Youth services as we know them will cease to exist if budget cuts are voted through.
Ben Glazebrook is the service manager of the Young People’s Centre and development co-ordinator of the Brighton and Hove Youth Collective
Youth services as we know them will cease to exist if budget cuts proposed by Brighton and Hove City Council are voted through.
Those affected include young people in some of our most disadvantaged communities and equalities groups supporting young people who are LGBT, BME or with SEND (special educational needs).
Community and voluntary sector (CVS) provision faces a 100% in council youth funding.
Our delivery will have to stop. These cuts will see the closure of youth centres across the city, along with the end of youth clubs, holiday clubs, and specific activities for particular groups of young people.
The delivery of services, particularly to those young people least able to pay or able to pay for alternatives, would be significantly reduced.
Links with community groups, work with schools, and liaison with local action teams and residents’ groups will end.
Communities across the city could lose valuable community buildings used not just by young people but used by other groups who may also lose their usual meeting places.
Potentially hundreds of volunteers would lose the opportunity to support and contribute to their communities. So many people who receive support to help them manage their lives will see a drastic reduction in service.
They include young people with mental health issues, learning difficulties or disabilities, poor relationship and communication skills, who are homelessness or sofa-surfing, have problems with alcohol and substance misuse and anger management issues.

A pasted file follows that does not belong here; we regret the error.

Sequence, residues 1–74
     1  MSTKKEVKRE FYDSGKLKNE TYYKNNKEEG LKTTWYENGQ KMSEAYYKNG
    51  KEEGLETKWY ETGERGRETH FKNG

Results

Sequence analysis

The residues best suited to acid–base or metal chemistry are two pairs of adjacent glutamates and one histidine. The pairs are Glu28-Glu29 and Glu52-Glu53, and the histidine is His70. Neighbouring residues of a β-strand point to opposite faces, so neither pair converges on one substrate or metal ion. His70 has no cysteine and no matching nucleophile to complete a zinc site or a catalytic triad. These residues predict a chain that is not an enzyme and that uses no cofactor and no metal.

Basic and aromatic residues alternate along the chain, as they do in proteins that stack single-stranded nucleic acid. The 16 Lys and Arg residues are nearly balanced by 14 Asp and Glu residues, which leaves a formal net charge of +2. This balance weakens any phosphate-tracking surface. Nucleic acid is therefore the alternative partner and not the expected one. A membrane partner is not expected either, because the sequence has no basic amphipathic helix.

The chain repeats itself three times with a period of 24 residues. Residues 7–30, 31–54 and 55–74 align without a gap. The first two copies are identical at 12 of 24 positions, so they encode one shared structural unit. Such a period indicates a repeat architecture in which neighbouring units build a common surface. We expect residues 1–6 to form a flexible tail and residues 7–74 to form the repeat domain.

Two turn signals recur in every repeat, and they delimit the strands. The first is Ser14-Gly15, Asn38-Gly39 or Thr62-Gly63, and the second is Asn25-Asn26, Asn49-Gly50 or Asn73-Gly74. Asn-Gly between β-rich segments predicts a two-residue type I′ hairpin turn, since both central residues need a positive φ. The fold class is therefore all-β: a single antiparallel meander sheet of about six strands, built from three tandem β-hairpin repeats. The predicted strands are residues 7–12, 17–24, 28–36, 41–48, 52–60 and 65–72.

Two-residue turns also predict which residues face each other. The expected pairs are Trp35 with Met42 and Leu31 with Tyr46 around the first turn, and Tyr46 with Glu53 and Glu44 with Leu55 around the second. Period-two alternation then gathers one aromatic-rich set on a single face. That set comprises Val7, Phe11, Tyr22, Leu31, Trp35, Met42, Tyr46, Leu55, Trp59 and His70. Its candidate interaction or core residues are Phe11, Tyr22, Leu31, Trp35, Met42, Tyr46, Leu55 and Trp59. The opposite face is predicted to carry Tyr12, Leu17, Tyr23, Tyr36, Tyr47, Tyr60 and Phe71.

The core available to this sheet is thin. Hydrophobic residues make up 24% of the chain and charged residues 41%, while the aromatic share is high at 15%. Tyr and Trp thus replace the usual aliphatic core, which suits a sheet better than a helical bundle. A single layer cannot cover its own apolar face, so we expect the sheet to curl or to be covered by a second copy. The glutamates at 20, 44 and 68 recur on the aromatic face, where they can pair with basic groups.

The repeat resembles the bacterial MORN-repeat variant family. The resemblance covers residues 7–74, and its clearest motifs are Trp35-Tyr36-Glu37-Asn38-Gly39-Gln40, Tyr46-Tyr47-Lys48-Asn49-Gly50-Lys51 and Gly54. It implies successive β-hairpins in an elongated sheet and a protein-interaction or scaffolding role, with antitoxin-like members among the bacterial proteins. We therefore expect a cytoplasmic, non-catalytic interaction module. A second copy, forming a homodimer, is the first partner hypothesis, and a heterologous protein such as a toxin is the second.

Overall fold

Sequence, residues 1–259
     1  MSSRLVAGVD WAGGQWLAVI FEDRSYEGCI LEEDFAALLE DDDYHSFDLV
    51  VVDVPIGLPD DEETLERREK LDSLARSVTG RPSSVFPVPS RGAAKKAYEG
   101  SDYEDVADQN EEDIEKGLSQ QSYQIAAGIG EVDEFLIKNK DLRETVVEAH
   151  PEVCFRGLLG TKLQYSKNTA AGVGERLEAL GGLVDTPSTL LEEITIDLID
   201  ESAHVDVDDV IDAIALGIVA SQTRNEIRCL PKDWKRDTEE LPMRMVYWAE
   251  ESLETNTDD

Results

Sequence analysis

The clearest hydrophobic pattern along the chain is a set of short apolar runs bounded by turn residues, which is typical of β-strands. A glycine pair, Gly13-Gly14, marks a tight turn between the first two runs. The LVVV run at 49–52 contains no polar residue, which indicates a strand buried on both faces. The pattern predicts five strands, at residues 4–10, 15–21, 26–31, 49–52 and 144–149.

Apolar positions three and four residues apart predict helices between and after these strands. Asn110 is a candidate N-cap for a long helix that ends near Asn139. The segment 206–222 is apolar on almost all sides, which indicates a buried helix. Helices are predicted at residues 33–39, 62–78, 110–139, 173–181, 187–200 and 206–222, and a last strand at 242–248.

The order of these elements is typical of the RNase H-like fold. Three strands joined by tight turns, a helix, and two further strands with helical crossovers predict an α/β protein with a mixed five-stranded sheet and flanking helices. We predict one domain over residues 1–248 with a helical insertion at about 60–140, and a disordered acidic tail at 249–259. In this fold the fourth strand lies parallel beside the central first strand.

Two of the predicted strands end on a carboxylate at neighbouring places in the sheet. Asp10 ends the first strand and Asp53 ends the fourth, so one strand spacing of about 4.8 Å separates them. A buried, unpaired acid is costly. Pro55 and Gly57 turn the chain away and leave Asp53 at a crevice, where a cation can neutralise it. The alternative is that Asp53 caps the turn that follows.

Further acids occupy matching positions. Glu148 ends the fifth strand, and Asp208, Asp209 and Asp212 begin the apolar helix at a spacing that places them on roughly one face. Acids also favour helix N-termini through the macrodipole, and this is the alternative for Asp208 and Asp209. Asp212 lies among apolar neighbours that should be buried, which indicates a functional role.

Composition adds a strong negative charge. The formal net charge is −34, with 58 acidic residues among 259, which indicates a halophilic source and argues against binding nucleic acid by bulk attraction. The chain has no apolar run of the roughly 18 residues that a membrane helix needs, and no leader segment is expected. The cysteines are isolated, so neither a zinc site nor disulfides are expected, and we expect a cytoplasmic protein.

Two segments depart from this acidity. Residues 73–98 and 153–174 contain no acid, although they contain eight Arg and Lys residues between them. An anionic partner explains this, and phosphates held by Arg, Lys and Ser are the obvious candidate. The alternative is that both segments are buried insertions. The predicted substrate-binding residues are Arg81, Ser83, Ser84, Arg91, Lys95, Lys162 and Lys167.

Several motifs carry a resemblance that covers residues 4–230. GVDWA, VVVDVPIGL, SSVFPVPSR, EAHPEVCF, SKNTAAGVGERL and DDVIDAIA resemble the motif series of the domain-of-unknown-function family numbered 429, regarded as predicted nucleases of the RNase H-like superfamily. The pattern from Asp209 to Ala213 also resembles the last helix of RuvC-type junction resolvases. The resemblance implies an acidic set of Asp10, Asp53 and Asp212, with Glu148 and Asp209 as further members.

Not forgetting those with depression and anxiety, low self-esteem or confidence, poor educational achievement, who are currently not in education, employment or training, have experienced family breakdown, are victims of abuse or leaving care.
CVS projects are perfectly placed to effect change in young people’s lives in the city, working with communities and led by young people themselves.
Last year, the Youth Collective worked with more than 2,500 young people in Brighton and Hove. Equalities organisations have worked with hundreds more. Young people attended our youth centres and projects 31,550 times.
And we add value to the youth offer by securing external investment. For every £1 the council spends with us, we secure a further £1 to work with local young people.
We work in some of the city’s most disadvantaged communities including Moulsecoomb, Tarner, Hangleton and Knoll, and Whitehawk.
And our amazing team of volunteers contribute around 330 hours a week, or 15,800 hours a year, worth more than £150,000.
We provide an open door that enables young people to access the support that they need.
Our outcomes are unique.
We don’t describe ourselves as an aspiration service, a confidence and self-esteem service, a community-cohesion service, social-wellbeing service, or an employability service.
But our activity contributes to all of these outcomes.
Aspects of our work emerged out of very challenging circumstances for young people in the past. Over the years, the council and the community and voluntary sector have worked incredibly hard together to ensure that there is a strong youth offer here. As a result, there are places to go and things to do across the city.
We are concerned about the bigger impact on communities given the potential impact of the cuts as a whole and the cumulative effect of cuts to services.
We’re at risk of losing something that is almost unquantifiable.
The CVS organisations affected are the Deans Youth Project, Crew Club, Trust for Developing Communities, Tarner Community Project, Brighton Youth Centre, Hangleton and Knoll Project, YMCA Downs Link Group, the Young People’s Centre, Allsorts Youth Project, BME YPP and Extratime.